Rating: 60% based on 1 vote
Means "precious stone" in Hebrew. In the Old Testament this is the name of one of the wives of Elkanah, the other being Hannah.

PENNY
Gender: Feminine
Usage: English
Pronounced: PEN-ee
Rating: 70% based on 1 vote
Diminutive of PENELOPE.

PERCIVAL
Gender: Masculine
Usage: Arthurian Romance, English
Pronounced: PUR-si-vəl (English)
Rating: 80% based on 1 vote
Created by the 12th-century French poet Chrétien de Troyes for his poem 'Perceval, the Story of the Grail'. In the poem Perceval was one of King Arthur's Knights of the Round Table who was given a glimpse of the Holy Grail. The character (and probably the name) of Perceval was based on that of the Welsh hero PEREDUR. The spelling was perhaps altered under the influence of Old French percer val "to pierce the valley".

PERDITA
Gender: Feminine
Usage: Literature
Rating: 40% based on 1 vote
Derived from Latin perditus meaning "lost". Shakespeare created this name for the daughter of Hermione in his play 'The Winter's Tale' (1610).

PERSEPHONE
Gender: Feminine
Usage: Greek Mythology
Other Scripts: Περσεφονη (Ancient Greek)
Pronounced: PER-SE-PO-NE (Classical Greek), pər-SEF-ə-nee (English)
Rating: 80% based on 1 vote
Meaning unknown, probably of Pre-Greek origin, but perhaps related to Greek περθω (pertho) "to destroy" and φονη (phone) "murder". In Greek myth she was the daughter of Demeter and Zeus. She was abducted to the underworld by Hades, but was eventually allowed to return to the surface for part of the year. The result of her comings and goings is the changing of the seasons.

PETRA
Gender: Feminine
Usage: German, Dutch, Czech, Slovak, Slovene, Croatian, Hungarian, Swedish, Finnish, English
Pronounced: PE-tra (German), PET-rah (Finnish), PET-rə (English)
Rating: 40% based on 1 vote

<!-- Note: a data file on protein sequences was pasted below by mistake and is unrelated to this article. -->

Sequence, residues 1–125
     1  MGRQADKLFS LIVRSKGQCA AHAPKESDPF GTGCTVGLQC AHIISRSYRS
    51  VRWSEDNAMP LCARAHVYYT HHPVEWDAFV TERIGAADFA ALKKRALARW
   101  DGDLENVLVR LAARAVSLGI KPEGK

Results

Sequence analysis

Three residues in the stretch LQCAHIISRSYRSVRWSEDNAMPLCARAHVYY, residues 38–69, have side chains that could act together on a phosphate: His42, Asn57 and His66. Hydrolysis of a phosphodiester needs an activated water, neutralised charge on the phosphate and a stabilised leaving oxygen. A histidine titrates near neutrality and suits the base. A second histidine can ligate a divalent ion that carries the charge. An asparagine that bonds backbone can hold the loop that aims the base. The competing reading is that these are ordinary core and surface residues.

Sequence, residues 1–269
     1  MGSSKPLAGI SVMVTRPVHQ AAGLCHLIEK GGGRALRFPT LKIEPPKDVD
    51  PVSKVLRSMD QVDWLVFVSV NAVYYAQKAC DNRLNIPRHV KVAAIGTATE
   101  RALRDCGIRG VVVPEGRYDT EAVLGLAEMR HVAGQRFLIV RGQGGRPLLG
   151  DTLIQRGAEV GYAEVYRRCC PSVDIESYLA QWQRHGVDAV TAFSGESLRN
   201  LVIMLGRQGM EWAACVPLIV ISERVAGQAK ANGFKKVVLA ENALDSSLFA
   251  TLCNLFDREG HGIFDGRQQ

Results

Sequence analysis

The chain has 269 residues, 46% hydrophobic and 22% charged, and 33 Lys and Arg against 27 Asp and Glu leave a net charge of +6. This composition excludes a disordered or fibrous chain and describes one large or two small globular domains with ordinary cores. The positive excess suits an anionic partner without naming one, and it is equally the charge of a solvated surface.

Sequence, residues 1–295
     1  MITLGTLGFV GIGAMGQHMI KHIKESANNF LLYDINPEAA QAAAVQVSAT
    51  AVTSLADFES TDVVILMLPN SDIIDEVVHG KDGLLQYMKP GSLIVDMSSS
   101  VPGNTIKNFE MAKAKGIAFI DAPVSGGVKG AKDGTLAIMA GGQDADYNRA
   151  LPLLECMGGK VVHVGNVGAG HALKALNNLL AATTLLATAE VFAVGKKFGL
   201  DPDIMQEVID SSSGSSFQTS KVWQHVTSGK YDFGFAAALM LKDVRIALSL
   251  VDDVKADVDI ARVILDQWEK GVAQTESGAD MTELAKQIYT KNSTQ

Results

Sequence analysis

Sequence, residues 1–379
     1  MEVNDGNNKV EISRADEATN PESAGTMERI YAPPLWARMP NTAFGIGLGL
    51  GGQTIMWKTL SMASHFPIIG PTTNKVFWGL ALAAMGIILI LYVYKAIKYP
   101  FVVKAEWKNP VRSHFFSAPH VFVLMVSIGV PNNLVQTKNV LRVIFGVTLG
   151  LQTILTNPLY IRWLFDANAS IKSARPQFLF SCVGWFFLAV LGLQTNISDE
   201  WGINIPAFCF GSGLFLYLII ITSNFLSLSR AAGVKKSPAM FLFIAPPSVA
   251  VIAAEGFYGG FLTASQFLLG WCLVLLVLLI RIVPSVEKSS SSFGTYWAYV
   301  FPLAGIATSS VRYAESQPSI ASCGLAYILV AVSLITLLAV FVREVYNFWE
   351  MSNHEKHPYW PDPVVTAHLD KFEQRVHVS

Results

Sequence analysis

Feminine form of PETER. This was also the name of an ancient city in the region that is now Jordan.

PHAEDRA
Gender: Feminine
Usage: Greek Mythology (Latinized)
Other Scripts: Φαιδρα (Ancient Greek)
Rating: 80% based on 1 vote
From the Greek Φαιδρα (Phaidra), derived from φαιδρος (phaidros) meaning "bright". Phaedra was the daughter of Minos and the wife of Theseus in Greek mythology. Aphrodite caused her to fall in love with her stepson Hippolytos, and after she was rejected by him she killed herself.

PHILOMEL
Gender: Feminine
Usage: Literature
Pronounced: FIL-ə-mel (English)
Rating: 80% based on 1 vote
From an English word meaning "nightingale" (ultimately from PHILOMELA). It has been used frequently in poetry to denote the bird.

PHILOMELA
Gender: Feminine
Usage: Greek Mythology
Other Scripts: Φιλομηλα (Ancient Greek)
Rating: 80% based on 1 vote
Derived from Greek φιλος (philos) "lover, friend" and μηλον (melon) "fruit". The second element has also been interpreted as Greek μελος (melos) "song". In Greek myth Philomela was the sister-in-law of Tereus, who raped her and cut out her tongue. Prokne avenged her sister by killing her son by Tereus, after which Tereus attempted to kill Philomela. However, the gods intervened and transformed her into a nightingale.

PHOEBE
Gender: Feminine
Usage: English, Greek Mythology (Latinized), Biblical, Biblical Latin
Other Scripts: Φοιβη (Ancient Greek)
Pronounced: FEE-bee (English)
Rating: 60% based on 1 vote
Latinized form of the Greek name Φοιβη (Phoibe), which meant "bright, pure" from Greek φοιβος (phoibos). In Greek mythology Phoibe was a Titan associated with the moon. This was also an epithet of her granddaughter, the moon goddess Artemis. The name appears in Paul's epistle to the Romans in the New Testament, where it belongs to a female minister in the church at Cenchreae. In England, it began to be used as a given name after the Protestant Reformation. A moon of Saturn bears this name (in honour of the Titan).